When I rejoined everyone I apologised for holding people up and B said "Looking at engagement rings were you". I was stunned! "Erm.......no" What a crazy thing to say to someone that you really don't know that well. I found out afterwards that he had asked my Mum if she thought I would get married to my boyfriend. My Mum replied that it didn't really matter what she thought, that I would make my own decisions regardless of what anyone else thought.

He continued to press her asking "Do you not think she wants to?" "Well, no not at the moment." Mum replied.

"Isn't she strange" he said.

Erm. Not so much actually.

When we were leaving to return to Hull and I hugged B goodbye he said "I look forward to hearing your engagement announcement."

Don't hold your breath mate.

Thursday, 19 March 2009

The first week

We're almost at the end of our the first week living together and we have so far survived and life is good.

I think I'm still in a holiday state of mind. I can't seem to take in that this is where I live now. I keep looking about and seeing all my things but there seems to be some kind of disconnect going on.

It's as if I'm waiting for some kind of panic to set in when I realise that I'm now living with a boy. But you know I'm not sure that it's going to. What's weird is that it doesn't feel weird. Is that normal?

Hopefully it's a good thing and means that I've made the right decision and I will live happily ever after. Or. In about a week's time I'm going to have a breakdown when I realise that I'm not getting any peace from him and that everywhere I turn he's there!

The flat is very cosy now which is lovely and it's very homely and relaxing. I do feel kind of bad though because my mark is very much all over the flat, my lava lamp is in the lounge and my plant is on the shelving unit and my Grandma's clock is up and my candles are dotted around, as are my various little trinkets and bits and bobs. You know the kind of things - a small wooden elephant from Sri Lanka, a crocodile from South Africa, a little pot vase from the Grand Canyon. All the little bits that girls seem to carry around with them. It's as if my boyfriend doesn't really live here. His only mark is the drum set from Guitar Hero and I already have plans to secrete that somewhere where it can't be seen.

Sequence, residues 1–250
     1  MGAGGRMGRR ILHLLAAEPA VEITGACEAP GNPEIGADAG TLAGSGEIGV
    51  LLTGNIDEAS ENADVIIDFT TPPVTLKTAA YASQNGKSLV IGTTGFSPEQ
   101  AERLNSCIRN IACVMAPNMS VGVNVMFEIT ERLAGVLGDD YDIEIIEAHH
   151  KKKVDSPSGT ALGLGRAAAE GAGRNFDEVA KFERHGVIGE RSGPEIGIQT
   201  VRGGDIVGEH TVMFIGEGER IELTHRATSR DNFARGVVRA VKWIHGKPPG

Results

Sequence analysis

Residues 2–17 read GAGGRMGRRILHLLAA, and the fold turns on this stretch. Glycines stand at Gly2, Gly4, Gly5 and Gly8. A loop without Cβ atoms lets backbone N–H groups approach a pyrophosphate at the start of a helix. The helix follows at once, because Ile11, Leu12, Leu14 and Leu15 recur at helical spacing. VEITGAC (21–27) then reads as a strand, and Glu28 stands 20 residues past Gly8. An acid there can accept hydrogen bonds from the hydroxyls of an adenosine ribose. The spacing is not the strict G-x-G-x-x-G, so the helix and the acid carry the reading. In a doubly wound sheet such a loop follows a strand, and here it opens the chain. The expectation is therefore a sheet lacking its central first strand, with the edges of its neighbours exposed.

I didn't mean to take over but I just....have. But then I don't know if that's just because I'm a girl and naturally more of a homemaker. He does have a big picture of his dogs that's going to go up on the wall, I'm not trying to take over, it's just happened. It was an organic process! Boys just don't have little bits do they? Nor do they have much sense of what makes something a home.

They do not understand the importance of having Lush in your bathroom. In fact they do not even notice that you have bought Lush products and put them in the bathroom. Despite the fact that the flat smells like a tart's boudoir.

We still have many bits and pieces to sort out for the flat. We have curtains in the lounge but non in the spare bedroom and in our bedroom there is an old curtain left by the previous tenants. It'll do for now but it's a bit grubby and only just covers the window. My boyfriends comment?

"Well they'll do for now. I mean they go with everything."

Of course they do. They're white.

With insightful comments like that it's no wonder I'm going it alone when it comes to decorating the flat.

This is compounded by the habit my boyfriend has of agreeing with everything I say, or saying "I don't mind". I'm under no illusions that all this will stop soon enough when he gets bored of agreeing with me but at the moment it's just constant. I could say that I had plans to paint the walls vivid green with pink spots and he'd just go "I'm sure that would look great honey." I should do it. That'd teach him.

But for now I need to keep him onside. I still need a mirror putting up in the lounge and some rails putting up in the cupboards in the bedroom....

Sunday, 15 March 2009

The big move

And we're in!

I can see now why people say that moving house is one of the most stressful things you can do. I almost killed someone and we didn't even have the stress of buying somewhere.

Living on the first floor is a good thing, security wise and it is a lovely flat but yesterday afternoon I would have done anything to have been on the ground floor or not living in a building that doesn't have a lift.

After spending most of his time reassuring me, my boyfriend ended up being woefully behind on his packing, something which, not being able to control, was sending my stress levels through the roof. My Mum and I decided to go it alone and took a couple of loads in her car but the climbing with the boxes nearly killed both of us. Which is actually something I might want to look at considering that Mum's 63 and I'm 25.

We called a strike at that point and refused to do any more until my boyfriend turned up with the hire van to put the rest of the boxes and my wardrobe in it. Luckily I kept well out of the way whilst the men did the heavy lifting, I just looked on supportively.